You have to start somewhere. So when Jayce Hafner and Sami Tellatin bonded as Stanford MBA classmates over their shared belief that making U.S. farms more efficient would be good for farmers, good for the country, and a great business, they decided the place to start was grants.
For her part, Hafner grew up on a cattle ranch in Virginia and knew firsthand that applying for grants — even to improve the sustainable farming practices of her family’s farm — was a confusing and time-intensive process. Tellatin had meanwhile studied biological engineering as an undergrad and spent three years with the USDA, researching the impacts of cover crops on ecosystems and farm economics. She knew, too, that farmers might make better choices if grants were more available to them.
Enter FarmRaise, a now 12-person, two-year-old, San Diego, Ca.-based company that has made considerable progress since the two joined forces with another cofounder, Albert Abedi, who they met through the accelerator program of Pear VC, the Palo Alto-based firm.
According to Hafner, the company already has nearly 10,000 farms on the platform thanks to word of mouth, a dash of search-engine magic, and, importantly, partnerships it has struck with agriculture giants like Cargill and Corteva (spun out of DuPont in 2018) that have carbon emission reduction goals to meet and have begun directing farmers to FarmRaise for help with grants tied to low-carbon farming.
FarmRaise’s platform — which asks for granular farm insights, then structures the data in a way that allows FarmRaise to quickly apply for a wide variety of grant programs on its customers’ behalf – also has enough momentum that investors are now in the mix. (The team just landed $7.2 million in seed funding led by Susa Ventures, which was joined by Cendana Capital, Ulu Ventures, Pear, Better Tomorrow Ventures, Incite Ventures, and Financial Ventures Studio, among others.)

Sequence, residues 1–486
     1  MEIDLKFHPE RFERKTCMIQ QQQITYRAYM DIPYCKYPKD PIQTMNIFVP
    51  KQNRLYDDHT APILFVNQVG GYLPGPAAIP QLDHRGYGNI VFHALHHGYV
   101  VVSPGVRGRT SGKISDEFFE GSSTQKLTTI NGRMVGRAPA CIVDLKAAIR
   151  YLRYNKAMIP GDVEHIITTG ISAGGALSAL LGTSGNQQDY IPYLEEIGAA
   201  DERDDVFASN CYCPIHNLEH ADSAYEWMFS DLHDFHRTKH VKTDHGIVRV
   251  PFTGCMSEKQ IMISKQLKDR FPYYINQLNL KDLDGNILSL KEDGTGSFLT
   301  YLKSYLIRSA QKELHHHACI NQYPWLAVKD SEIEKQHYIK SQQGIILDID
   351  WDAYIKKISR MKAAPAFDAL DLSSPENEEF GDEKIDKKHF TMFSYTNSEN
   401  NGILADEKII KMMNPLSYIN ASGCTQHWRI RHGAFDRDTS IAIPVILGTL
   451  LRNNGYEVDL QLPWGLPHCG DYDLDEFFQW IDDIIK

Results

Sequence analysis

Still, as with so many startups, Hafner says grants — both federal and private — are just the starting point for the very broad financial services company that FarmRaise intends to become. Imagine, suggests Hafner, that once a farm has provided much of its data to the company, that FarmRaise can help that farm secure loans, secure equipment at bulk prices, lower its operating expenses, and help with both its banking and tax planning. Much of these services will be provided through third parties, she says. FarmRaise isn’t looking to reinvent the whee. But there’s also no reason that farmers shouldn’t have a “full-stack” resource to which to turn, she adds.
That’s the vision, at least. For now, FarmRaise is focused on hiring more employees, lining up more grants, and making sure its customers are happy with the services it’s already providing and for which it charges a monthly subscription, along with 10% of the value of the grants it secures.
It’s a tall order, given that some grants have wait times of six to 12 months.
On the other hand, says Hafner, it’s forcing FarmRaise is develop innovative ways to get capital into hands of farmers faster based on the data it’s collecting. “That’s what gets us excited,” she says.
It’s also a big opportunity, seemingly. Food and agriculture start-ups have been attracting record amounts of venture funding, and grants are ticking upwards, too, as Hafner notes. Most importantly, she says, USDA funding has “been growing like crazy. The Trump administration distributed tens of billions of dollars in additional funding to support all sorts of farmers who were struggling with Covid-related supply chain disruptions, which was a major opportunity in 2021 and 2020.”
Meanwhile, with Biden administration, she adds, “We’re seeing this keen focus on growing the size of the pie for conservation funding and it likely doubling in the years to come.” It only makes sense, she suggests. “Not only does [sustainable farming] increase farm profitability but it also sequesters carbon and can help to address climate change. They are just many, many, many benefits that come with it.”